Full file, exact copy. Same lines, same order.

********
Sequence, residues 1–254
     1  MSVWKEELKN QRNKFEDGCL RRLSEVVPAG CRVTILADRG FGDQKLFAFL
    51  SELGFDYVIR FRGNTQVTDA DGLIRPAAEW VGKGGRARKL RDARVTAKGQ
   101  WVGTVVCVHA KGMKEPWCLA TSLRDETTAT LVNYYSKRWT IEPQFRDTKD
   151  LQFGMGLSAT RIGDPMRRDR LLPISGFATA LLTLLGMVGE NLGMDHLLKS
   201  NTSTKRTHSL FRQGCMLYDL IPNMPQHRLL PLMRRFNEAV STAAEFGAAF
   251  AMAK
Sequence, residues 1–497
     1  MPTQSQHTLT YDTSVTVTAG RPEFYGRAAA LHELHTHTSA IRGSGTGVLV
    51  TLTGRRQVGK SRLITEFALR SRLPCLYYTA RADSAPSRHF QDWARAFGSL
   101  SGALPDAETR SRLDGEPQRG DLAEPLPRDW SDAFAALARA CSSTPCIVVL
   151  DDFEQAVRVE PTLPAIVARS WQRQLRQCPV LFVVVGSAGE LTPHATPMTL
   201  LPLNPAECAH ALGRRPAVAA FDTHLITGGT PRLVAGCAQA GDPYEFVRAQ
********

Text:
Sequence, residues 1–254
     1  MSVWKEELKN QRNKFEDGCL RRLSEVVPAG CRVTILADRG FGDQKLFAFL
    51  SELGFDYVIR FRGNTQVTDA DGLIRPAAEW VGKGGRARKL RDARVTAKGQ
   101  WVGTVVCVHA KGMKEPWCLA TSLRDETTAT LVNYYSKRWT IEPQFRDTKD
   151  LQFGMGLSAT RIGDPMRRDR LLPISGFATA LLTLLGMVGE NLGMDHLLKS
   201  NTSTKRTHSL FRQGCMLYDL IPNMPQHRLL PLMRRFNEAV STAAEFGAAF
   251  AMAK
Sequence, residues 1–497
     1  MPTQSQHTLT YDTSVTVTAG RPEFYGRAAA LHELHTHTSA IRGSGTGVLV
    51  TLTGRRQVGK SRLITEFALR SRLPCLYYTA RADSAPSRHF QDWARAFGSL
   101  SGALPDAETR SRLDGEPQRG DLAEPLPRDW SDAFAALARA CSSTPCIVVL
   151  DDFEQAVRVE PTLPAIVARS WQRQLRQCPV LFVVVGSAGE LTPHATPMTL
   201  LPLNPAECAH ALGRRPAVAA FDTHLITGGT PRLVAGCAQA GDPYEFVRAQ